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Choosing to Believe

The Commemoration of All the Faithful Departed (All Souls)

First Reading: Wisdom 3:1-9

The souls of the just are in the hand of God,
and no torment shall touch them.
They seemed, in the view of the foolish, to be dead;
and their passing away was thought an affliction
and their going forth from us, utter destruction.
But they are in peace.
For if before men, indeed, they be punished,
yet is their hope full of immortality;
chastised a little, they shall be greatly blessed,
because God tried them
and found them worthy of himself.
As gold in the furnace, he proved them,
and as sacrificial offerings he took them to himself.
In the time of their visitation they shall shine,
and shall dart about as sparks through stubble;
they shall judge nations and rule over peoples,
and the LORD shall be their King forever.
Those who trust in him shall understand truth,
and the faithful shall abide with him in love:
because grace and mercy are with his holy ones,
and his care is with his elect.

Responsorial Psalm: Psalm 23:1-3A, 3B-4, 5, 6

R. (1) The Lord is my shepherd; there is nothing I shall want.
The LORD is my shepherd; I shall not want.
In verdant pastures he gives me repose;
beside restful waters he leads me;
he refreshes my soul.
R. The Lord is my shepherd; there is nothing I shall want.
He guides me in right paths
for his name’s sake.
Even though I walk in the dark valley
I fear no evil; for you are at my side
with your rod and your staff
that give me courage.
R. The Lord is my shepherd; there is nothing I shall want.
You spread the table before me
in the sight of my foes;
You anoint my head with oil;
my cup overflows.
R. The Lord is my shepherd; there is nothing I shall want.
all the days of my life;
and I shall dwell in the house of the LORD
for years to come.
R. The Lord is my shepherd; there is nothing I shall want.

Second Reading: Romans 5:5-11

Brothers and sisters:
Hope does not disappoint,
because the love of God has been poured out into our hearts
through the Holy Spirit that has been given to us.
For Christ, while we were still helpless,
died at the appointed time for the ungodly.
Indeed, only with difficulty does one die for a just person,
though perhaps for a good person
one might even find courage to die.
But God proves his love for us
in that while we were still sinners Christ died for us.
How much more then, since we are now justified by his Blood,
will we be saved through him from the wrath.
Indeed, if, while we were enemies,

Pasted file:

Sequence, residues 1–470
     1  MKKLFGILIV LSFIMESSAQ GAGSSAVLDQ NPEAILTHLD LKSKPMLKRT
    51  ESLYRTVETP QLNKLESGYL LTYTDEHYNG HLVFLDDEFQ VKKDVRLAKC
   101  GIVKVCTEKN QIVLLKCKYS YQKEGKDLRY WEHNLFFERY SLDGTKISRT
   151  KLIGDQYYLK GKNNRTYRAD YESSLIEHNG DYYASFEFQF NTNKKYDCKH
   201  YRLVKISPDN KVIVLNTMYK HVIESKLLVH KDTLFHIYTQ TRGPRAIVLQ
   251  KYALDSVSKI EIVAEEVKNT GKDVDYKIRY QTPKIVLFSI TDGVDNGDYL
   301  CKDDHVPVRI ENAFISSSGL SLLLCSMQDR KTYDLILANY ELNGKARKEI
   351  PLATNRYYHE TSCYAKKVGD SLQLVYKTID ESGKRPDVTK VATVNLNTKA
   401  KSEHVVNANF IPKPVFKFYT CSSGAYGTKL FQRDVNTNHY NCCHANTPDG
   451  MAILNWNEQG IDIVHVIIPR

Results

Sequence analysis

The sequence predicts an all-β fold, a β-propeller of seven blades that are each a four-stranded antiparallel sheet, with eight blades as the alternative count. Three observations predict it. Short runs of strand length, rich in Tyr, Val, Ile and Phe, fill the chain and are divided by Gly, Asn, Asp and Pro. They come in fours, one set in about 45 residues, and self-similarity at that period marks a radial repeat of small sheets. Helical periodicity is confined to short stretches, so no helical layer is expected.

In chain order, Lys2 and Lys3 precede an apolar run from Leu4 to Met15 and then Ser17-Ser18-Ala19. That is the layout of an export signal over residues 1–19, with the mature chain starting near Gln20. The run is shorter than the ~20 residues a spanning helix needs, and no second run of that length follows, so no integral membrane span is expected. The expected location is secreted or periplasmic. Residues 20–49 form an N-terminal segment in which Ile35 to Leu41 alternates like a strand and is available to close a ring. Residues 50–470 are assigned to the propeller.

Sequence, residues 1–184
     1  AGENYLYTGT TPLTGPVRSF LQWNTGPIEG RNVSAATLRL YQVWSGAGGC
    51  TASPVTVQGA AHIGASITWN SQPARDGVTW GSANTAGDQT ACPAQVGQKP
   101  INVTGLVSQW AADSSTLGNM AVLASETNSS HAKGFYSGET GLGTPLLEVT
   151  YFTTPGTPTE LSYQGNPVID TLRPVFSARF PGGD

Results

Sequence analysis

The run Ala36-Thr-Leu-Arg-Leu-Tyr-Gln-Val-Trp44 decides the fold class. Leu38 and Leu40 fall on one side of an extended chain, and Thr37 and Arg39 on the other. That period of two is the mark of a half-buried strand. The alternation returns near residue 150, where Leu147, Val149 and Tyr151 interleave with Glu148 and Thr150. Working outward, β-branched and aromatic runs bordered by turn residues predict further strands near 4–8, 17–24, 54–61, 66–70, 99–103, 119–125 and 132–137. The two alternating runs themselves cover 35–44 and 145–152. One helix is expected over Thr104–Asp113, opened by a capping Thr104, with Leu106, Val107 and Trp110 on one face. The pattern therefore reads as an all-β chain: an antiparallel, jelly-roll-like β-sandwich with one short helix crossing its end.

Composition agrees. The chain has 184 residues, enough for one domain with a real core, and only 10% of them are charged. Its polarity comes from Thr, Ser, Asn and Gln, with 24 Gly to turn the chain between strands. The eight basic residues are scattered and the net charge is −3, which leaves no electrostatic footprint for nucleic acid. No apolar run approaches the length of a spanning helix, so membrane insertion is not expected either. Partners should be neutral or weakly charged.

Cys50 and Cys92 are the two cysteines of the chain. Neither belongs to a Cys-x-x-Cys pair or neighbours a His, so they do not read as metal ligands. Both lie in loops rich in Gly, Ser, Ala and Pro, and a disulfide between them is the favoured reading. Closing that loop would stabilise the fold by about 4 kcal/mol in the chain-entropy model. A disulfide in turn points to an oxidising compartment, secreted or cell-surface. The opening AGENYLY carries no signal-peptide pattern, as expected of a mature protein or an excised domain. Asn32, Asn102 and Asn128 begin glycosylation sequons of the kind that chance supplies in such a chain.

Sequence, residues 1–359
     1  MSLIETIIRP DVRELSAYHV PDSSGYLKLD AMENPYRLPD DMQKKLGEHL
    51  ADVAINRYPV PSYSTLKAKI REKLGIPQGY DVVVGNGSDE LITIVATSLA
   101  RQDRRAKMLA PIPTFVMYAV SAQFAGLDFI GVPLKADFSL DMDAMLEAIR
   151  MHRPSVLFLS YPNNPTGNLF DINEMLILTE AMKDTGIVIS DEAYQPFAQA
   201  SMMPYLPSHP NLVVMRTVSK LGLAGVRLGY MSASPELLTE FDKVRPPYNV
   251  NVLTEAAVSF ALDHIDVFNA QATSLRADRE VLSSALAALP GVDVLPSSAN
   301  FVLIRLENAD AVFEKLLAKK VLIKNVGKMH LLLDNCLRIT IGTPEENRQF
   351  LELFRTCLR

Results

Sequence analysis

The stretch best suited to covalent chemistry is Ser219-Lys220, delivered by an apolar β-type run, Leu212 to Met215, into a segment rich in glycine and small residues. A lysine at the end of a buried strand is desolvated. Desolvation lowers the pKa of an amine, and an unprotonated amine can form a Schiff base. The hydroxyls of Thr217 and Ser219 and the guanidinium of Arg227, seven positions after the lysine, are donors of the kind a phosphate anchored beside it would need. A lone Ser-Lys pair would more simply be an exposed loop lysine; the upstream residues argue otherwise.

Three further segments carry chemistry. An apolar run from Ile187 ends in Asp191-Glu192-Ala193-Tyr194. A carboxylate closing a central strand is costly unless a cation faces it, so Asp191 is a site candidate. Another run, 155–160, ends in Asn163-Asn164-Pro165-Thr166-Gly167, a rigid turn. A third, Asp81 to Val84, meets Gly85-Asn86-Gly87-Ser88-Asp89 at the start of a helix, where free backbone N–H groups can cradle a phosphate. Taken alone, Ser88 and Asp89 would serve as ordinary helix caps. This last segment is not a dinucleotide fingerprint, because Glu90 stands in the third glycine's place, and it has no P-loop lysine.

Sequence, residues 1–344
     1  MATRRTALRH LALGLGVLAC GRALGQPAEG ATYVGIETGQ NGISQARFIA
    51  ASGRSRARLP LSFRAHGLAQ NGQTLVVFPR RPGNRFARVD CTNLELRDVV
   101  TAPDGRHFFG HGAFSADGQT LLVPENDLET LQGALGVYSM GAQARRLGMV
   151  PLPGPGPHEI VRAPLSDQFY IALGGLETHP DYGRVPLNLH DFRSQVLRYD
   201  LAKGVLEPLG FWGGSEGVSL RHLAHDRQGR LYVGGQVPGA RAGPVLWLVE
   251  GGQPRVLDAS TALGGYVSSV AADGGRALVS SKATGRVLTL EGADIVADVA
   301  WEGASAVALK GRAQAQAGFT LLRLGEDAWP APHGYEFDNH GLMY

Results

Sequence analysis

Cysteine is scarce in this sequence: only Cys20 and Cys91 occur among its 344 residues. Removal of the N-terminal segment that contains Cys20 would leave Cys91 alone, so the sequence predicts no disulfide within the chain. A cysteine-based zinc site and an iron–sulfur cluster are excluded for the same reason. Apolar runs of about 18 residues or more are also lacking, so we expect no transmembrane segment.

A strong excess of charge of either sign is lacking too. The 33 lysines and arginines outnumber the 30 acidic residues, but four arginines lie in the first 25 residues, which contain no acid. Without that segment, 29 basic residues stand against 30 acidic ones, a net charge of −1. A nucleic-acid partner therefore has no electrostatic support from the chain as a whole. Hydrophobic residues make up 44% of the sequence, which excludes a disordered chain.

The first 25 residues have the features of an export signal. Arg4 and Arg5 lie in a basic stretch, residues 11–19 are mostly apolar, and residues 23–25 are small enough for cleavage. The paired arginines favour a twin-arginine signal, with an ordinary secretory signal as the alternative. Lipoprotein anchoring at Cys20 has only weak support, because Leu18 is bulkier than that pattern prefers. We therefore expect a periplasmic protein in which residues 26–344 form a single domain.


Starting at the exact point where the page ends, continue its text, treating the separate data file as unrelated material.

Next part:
we were reconciled to God through the death of his Son,
how much more, once reconciled,
will we be saved by his life.
Not only that,
but we also boast of God through our Lord Jesus Christ,
through whom we have now received reconciliation.

Gospel: John 6:37-40

Jesus said to the crowds:
“Everything that the Father gives me will come to me,
and I will not reject anyone who comes to me,
because I came down from heaven not to do my own will
but the will of the one who sent me.
And this is the will of the one who sent me,
that I should not lose anything of what he gave me,
but that I should raise it on the last day.
For this is the will of my Father,
that everyone who sees the Son and believes in him
may have eternal life,
and I shall raise him on the last day.”

NAB

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My grandfather, my Papa, died when I was in my late 20s and pregnant with my second child. I have little snapshot memories of his funeral. The panic I felt at being out of the state when he took a turn for the worse. The care with which my dad rearranged the pins on my grandfather’s dress blues that adored the quiet and still body laying in rest. My father quietly explaining to me that the body was like an empty glove—the soul was gone to Heaven. Having my family gather around my tiny bump of a tummy, expressing about how comforting it was for them to see that life continues amidst the death. There was a certain peace present throughout the weekend.

About a month later, I lost that little baby growing inside of me; the contrast between my Papa’s death and my little baby’s death couldn’t have been greater.

What I remember most from that time is not snapshots of a beautiful funeral weekend surrounded by family, but rather feelings of immense loss, loneliness, and emptiness. I longed to be in control as life took a turn away from my plan. Life went off-script, and I found myself feeling helpless.

And yet we aren’t really helpless in this life. We have been given the Good Shepherd, not just to guide us and protect us, but to save us and bring us to everlasting life in Him. But we have to choose to do so. We have the opportunity to follow Him and embrace His gift of a true and never ending life every day.

Every decision we make can bring us closer to Him or lead us away. We choose to love. We choose to follow Christ. We choose to place our hope in His gift of eternal life. The rest may be painfully out of our control, but it also pales in ultimate importance when compared to our salvation. Remember His promise in the Gospel: “[E]veryone who sees the Son and believes in him may have eternal life, and I shall raise him on the last day.”

On this All Souls Day, we take the opportunity to commemorate the Faithful who have gone before us. Let this be a day that brings us peace and comfort as Sisters in Christ who, too, will be raised with Him on the last day.

How will you choose to love today? What will you do today to grow closer to Him?

photo credit

MaryRuth Hackett is a full-time wife and mother doing her best to teach her four children to love God and country. You can find out more about her here

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